Refining Risk Management
In 1988, more than 160 people died in a fire on the Piper Alpha oil platform in the North Sea. Risk analyst Terje Aven was assigned to assess a similar Norwegian oil platform to prevent further accidents. While presenting his findings, which included the probabilities of certain adverse events occurring, Aven was asked what the probabilities truly meant and whether he had considered all of the inherent uncertainties. Aven was unable to provide a satisfactory answer and that troubled him. He has since devoted extensive research to strengthening risk assessment and risk communication.
Risk assessment can be statistics-laden, and those tasked with making decisions based on the information often don’t understand how to interpret it. Aven, who is a professor of risk analysis and risk management at the University of Stavanger in Norway, found that probabilities just could not fully encompass the problem in part because they don’t account for the extent to which those probabilities are based on judgments.
Aven says that decision makers need risk presented in a more comprehensive way. “In a risk assessment context, there are often many stakeholders, and they may not be satisfied with a probability-based assessment expressing the subjective judgments of the analysis group; a broader risk description is sought.”
That is why Aven now includes an uncertainty analysis in any risk assessment he performs. “This uncertainty assessment provides an important part of the risk assessment…. This gives a more humble approach to risk assessment, stressing that risk assessment is informing decision making, nothing more.”
However, risk assessments alone are not enough. Company leaders must also learn the art of effective risk communication, which can be a tricky business.
According to Aven, it is a common belief that it is difficult to communicate probabilities and uncertainties because “lay” people do not understand the concepts. “This is a view I challenge,” he says.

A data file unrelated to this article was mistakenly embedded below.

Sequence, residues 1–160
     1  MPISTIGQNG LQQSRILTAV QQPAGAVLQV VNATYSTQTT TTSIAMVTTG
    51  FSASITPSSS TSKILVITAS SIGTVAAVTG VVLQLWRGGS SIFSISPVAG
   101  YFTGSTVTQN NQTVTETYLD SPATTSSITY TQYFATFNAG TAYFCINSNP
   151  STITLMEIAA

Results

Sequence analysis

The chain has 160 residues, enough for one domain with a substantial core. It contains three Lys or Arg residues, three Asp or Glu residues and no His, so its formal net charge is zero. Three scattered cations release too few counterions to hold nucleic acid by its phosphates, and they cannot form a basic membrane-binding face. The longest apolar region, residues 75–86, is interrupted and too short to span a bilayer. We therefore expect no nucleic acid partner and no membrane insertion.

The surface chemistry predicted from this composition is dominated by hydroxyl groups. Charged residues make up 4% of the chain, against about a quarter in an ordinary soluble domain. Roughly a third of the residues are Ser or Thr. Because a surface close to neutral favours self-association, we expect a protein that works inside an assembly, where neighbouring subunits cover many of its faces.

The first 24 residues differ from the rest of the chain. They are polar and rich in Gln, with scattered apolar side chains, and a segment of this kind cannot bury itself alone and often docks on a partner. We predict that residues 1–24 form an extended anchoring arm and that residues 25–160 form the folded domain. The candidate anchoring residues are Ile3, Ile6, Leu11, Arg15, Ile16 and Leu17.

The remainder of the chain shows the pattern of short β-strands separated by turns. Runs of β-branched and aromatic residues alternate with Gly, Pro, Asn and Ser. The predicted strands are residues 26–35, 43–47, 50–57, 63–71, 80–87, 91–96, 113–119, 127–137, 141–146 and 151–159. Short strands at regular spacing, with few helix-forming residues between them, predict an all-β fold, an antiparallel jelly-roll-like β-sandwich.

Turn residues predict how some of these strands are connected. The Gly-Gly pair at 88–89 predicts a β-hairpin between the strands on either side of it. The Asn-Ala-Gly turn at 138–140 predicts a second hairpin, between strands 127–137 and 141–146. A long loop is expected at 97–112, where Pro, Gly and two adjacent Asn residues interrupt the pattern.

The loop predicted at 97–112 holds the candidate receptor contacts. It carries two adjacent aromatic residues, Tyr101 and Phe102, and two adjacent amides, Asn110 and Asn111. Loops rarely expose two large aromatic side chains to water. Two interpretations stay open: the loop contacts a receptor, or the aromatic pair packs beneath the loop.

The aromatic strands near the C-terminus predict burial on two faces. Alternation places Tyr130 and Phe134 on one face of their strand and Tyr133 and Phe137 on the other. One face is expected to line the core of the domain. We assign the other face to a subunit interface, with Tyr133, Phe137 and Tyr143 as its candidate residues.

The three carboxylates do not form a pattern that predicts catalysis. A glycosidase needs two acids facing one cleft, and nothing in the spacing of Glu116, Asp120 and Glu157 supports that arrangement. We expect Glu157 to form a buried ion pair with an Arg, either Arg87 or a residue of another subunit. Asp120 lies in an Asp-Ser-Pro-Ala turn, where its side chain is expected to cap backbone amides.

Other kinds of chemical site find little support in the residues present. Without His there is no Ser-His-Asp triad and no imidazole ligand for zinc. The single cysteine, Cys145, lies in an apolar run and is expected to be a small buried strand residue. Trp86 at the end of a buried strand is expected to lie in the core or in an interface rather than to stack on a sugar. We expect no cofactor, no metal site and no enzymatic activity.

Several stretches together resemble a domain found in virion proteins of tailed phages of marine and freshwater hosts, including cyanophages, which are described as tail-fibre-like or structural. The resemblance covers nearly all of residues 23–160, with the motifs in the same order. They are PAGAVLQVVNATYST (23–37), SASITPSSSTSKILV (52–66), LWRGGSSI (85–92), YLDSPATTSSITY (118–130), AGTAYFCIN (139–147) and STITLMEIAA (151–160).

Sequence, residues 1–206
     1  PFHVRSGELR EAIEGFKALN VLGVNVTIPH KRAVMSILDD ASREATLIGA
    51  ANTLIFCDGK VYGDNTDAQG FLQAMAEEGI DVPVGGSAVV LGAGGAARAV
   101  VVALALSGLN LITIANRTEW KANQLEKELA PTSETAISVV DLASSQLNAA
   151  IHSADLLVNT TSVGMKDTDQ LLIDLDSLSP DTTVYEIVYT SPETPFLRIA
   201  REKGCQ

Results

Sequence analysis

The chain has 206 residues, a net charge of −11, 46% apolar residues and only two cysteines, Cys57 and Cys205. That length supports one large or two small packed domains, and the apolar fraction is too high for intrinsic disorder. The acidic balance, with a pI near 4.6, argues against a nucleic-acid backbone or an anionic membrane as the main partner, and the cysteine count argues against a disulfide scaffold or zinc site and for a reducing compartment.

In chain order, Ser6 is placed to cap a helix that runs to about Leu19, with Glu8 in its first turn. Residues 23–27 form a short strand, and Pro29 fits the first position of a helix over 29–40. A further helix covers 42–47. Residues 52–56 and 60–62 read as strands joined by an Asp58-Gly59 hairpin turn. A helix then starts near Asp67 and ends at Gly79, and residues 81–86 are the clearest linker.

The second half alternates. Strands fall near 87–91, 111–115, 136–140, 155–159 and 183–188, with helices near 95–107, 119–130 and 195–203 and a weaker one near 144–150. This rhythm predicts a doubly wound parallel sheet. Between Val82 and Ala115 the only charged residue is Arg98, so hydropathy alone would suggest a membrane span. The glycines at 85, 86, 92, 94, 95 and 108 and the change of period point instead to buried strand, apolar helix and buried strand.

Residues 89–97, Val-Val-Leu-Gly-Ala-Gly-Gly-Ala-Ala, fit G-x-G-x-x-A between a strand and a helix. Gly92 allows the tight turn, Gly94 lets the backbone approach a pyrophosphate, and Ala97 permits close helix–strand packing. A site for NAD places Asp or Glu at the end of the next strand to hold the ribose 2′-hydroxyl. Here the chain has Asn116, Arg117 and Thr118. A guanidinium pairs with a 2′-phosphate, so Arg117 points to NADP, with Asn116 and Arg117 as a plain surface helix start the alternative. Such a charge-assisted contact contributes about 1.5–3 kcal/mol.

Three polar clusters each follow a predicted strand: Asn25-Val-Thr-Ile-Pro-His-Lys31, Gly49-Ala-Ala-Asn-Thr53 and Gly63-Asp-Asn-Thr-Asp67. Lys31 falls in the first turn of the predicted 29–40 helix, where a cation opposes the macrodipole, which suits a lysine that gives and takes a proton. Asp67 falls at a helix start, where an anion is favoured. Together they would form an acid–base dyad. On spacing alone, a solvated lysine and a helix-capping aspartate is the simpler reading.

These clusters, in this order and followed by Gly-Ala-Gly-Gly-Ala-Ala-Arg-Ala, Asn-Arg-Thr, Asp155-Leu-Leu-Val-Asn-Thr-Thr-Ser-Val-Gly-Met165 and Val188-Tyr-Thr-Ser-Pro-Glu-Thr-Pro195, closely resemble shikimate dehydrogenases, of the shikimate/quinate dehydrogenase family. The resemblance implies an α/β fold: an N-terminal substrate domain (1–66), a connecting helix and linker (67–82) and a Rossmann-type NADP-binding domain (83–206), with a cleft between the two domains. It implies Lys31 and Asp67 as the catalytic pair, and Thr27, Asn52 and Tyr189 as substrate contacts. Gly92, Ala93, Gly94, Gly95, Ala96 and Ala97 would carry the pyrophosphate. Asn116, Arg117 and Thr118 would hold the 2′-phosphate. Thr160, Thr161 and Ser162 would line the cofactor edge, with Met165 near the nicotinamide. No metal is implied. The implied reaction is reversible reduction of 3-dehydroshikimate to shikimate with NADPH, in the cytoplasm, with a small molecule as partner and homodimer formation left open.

He contends that people can appreciate the risk concepts if they are properly introduced. But that’s often not done, perhaps because the analysts preparing the risk and uncertainty picture do not have a solid understanding of the key concepts themselves. Another possibility is that analysts are afraid to deal with the uncertainties, thinking that will complicate the message.
“Many analysts seem to think that information provided to managers and politicians needs to be very simple,” explains Aven. But he says that managers are accustomed to dealing with uncertainty and factoring that into decisions.
Managers and public officials also need to learn how to communicate the risk effectively to their employees and the public.
An executive who wants to convey risk to stakeholders must consider their perspective and their emotional investment in the issue, because risk is subjective, says David Ropeik, an instructor at Harvard and author of How Risky is it, Really? Why Our Fears Don’t Always Match the Facts.
For example, the risk that a company will be broken or hacked into will be perceived differently by a customer who fears personal data theft than by a company executive who fears the company’s share price will drop. Effective communication must take the emotions of the message recipient into consideration.
Risk communications must go past the basics of the situation, says Ropeik. He cites the nuclear industry as an example. “If the industry says, ‘we’re safe, and here’s all the science that backs us up,’ that’s a different message altogether from ‘there are risks to what we do, but they’re really low, and here are all the things we’re doing to make them lower,’” says Ropeik.
The first approach tries to get the message recipient to see things the way the communicator sees them; the second approach tries to get the recipient to see the issue the way the communicator sees it by framing it in the way the recipient already sees it.
Ropeik says that many companies and individuals have a fear of fear. Risk communication is an attempt to explain the risk of a negative outcome occurring, and yet the communicators can be afraid to acknowledge that the risk is even present. “And so you dance around it, and no matter how well you do that, the audience hears it as spin,” Ropeik says. “And the dishonesty creates the barriers of mistrust that are far more damaging than if you had admitted the fear in the first place.”